We were convinced that the only alternative to a slow, painful death was euthanasia.
But then, he suddenly pooped. (What a relief. Especially for him.) Since then, we’ve been able to manage him with medication.
I don’t know how long he will still be with us, but for now, he is doing okay. The bone growth distorting his pelvis is quite large now, making it all but impossible for him to use one of his hind legs, but it doesn’t appear to bother him too much, except when he is trying to use that leg to scratch an itch. Just watching it is frustrating! (How do multiple amputees scratch themselves when they have to?)
But he is eating well, he is pooping well, and when the other cats aren’t chasing him around, sometimes he chases them instead.
Here is a beautiful picture of the contents of one of our litter boxes:
What makes it beautiful, you ask? Why, it is a thermal infrared image. And it shows some unambiguously fresh poop. Fresh poop produced just a few minutes prior by our kitty Pipacs, whom we were about to write off two weeks ago, as we were certain that his digestive system shut down, him being unable to poop as his bowels are obstructed by an invasive bone growth.
But Pipacs still has a few of his nine little lives left. I don’t know how long he’ll stay with us; we take it one day at a time. But with the medication he receives (a combination of laxatives and stool softeners) he is coping for the time being.
Concerned as we were (and still are) about the health of our smallest kitty Pipacs, it helps to remember that we have two other felines in the house, both in good health as far as we know (fingers crossed and all that.)
The orange tabby on the left, Kifli, will turn 17 in April. He will be old enough to vote in next year’s federal election! He has not stated his political preference yet.
And despite their similarities, the two cats are not related. The cat on the right, Rufus, was a stray. He was approximately one year old when we adopted him in the fall of 2014.
Much to our surprise, not to mention relief, our kittycat Pipacs is a lot better today.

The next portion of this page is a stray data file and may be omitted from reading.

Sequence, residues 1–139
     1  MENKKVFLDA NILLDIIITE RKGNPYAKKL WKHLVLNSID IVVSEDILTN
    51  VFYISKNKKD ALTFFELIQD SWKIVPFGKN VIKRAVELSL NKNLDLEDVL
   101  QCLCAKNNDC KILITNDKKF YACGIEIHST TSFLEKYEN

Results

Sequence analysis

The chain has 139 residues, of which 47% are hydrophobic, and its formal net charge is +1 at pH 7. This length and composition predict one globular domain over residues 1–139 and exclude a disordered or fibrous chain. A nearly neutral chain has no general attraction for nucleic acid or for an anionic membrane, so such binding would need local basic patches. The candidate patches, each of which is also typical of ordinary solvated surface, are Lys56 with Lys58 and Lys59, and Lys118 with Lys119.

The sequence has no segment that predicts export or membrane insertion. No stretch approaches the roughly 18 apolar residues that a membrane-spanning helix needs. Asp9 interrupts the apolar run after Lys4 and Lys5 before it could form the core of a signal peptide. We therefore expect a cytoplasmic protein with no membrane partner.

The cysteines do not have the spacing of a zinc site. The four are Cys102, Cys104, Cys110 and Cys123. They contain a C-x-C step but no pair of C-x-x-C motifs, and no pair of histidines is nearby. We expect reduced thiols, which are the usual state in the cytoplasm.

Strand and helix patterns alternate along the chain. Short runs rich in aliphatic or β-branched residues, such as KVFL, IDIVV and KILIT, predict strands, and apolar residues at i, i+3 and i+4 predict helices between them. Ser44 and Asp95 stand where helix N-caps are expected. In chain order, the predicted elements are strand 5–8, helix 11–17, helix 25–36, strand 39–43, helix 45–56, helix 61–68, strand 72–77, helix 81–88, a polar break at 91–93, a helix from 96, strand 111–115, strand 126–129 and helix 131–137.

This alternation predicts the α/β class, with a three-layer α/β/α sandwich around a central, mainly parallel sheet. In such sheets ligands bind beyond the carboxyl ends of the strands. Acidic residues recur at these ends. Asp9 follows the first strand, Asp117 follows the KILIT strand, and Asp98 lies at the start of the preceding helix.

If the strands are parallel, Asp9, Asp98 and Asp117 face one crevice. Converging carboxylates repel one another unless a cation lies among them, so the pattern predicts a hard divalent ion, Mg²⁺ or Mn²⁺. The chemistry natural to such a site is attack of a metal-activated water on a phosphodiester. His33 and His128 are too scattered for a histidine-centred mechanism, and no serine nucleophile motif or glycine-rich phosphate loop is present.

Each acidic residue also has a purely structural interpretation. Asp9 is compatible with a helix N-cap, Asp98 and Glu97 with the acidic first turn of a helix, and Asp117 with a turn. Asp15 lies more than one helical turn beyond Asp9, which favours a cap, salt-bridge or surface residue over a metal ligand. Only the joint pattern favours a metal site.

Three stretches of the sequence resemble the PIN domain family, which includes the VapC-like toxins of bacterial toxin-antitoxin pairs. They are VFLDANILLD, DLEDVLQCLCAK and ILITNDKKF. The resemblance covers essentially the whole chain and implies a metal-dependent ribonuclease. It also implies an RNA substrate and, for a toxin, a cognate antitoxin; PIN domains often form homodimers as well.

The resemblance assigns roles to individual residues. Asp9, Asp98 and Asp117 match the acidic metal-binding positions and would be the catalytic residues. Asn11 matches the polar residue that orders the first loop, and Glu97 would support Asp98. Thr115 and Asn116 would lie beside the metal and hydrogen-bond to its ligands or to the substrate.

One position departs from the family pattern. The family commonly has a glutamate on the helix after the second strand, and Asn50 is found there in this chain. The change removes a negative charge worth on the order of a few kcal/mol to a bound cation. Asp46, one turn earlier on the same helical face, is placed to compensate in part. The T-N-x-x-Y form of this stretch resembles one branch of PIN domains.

We noticed yesterday afternoon: he began eating again. He seemingly felt better. He groomed himself. He even played with us a little.
And then this morning: a nice, big poop in the litter box.
So his digestive system is functioning again. Probably with difficulty, so he is going to be permanently on a diet of laxatives and stool softeners, but so long as he is able to poop, he should be okay as otherwise, other than the bone growth on his pelvis, he is healthy.
This bone growth is not going to go away, so we’re living on borrowed time. But borrowed time is still a lot better than no time at all.
I already called the vet and canceled the scheduled visit for tonight. Thinking of Murphy’s law, however, I asked them not to process a refund yet, just keep the amount we already paid on our account.
This beautiful creature, who has been our companion for ten and a half years, give or take, is Pipacs (Hungarian for Poppy, pronounced pi-patch or something like, with the ‘i’ as in the word hit, the ‘a’ in the word bark, with emphasis on the first syllable.)
Unfortunately, Pipacs is very ill.
He was diagnosed with a growth on his pelvis three years ago. Even back then, the only treatment option was drastic surgery: Removal of a large part of his pelvis along with the leg on that side.
Pipacs has always been a very skittish cat. He was a stray when we adopted him, probably about a year old in late summer 2007. He is very easily traumatized. This, and the very low risk of such a growth spreading to other organs led us to the decision not to opt for surgery.
One thing we did not anticipate is that the growth, which increased in size rather dramatically in the past few months, would encroach on his digestive system and eventually obstruct his colon.
Which is exactly what happened. Simply put, beyond incidents of explosive diarrhea after receiving enemas, Pipacs cannot poop anymore. And sadly, surgery is no longer a viable option.
Which is why our veterinarian is scheduled to make a home visit tomorrow with her euthanasia kit. And my heart breaks as I am writing these words.
When will news portals finally learn that autoplaying a video at maximum volume in the middle of the night guarantees only one thing: that I close the tab in a mad panic while I curse the news site, its creators, editors, their parents and grandparents and just about everybody they ever did business with for scaring me witless and waking up my household?
It’s the same, each and every Christmas. As Christmas Eve approaches, I remember that famous moment from 49 years ago. The astronauts of Apollo 8 just orbited the Moon. It was Christmastime. These three men were a thousand times farther from the Earth than any human being in history. It was an awe-inspiring moment. Once radio contact with the distant Earth was re-established, the three astronauts took turns reading the first ten verses of Genesis. Frank Borman then closed the broadcast with words that, in my mind, remain the most appropriate words for this evening: “good night, good luck, a Merry Christmas – and God bless all of you, all of you on the good Earth.”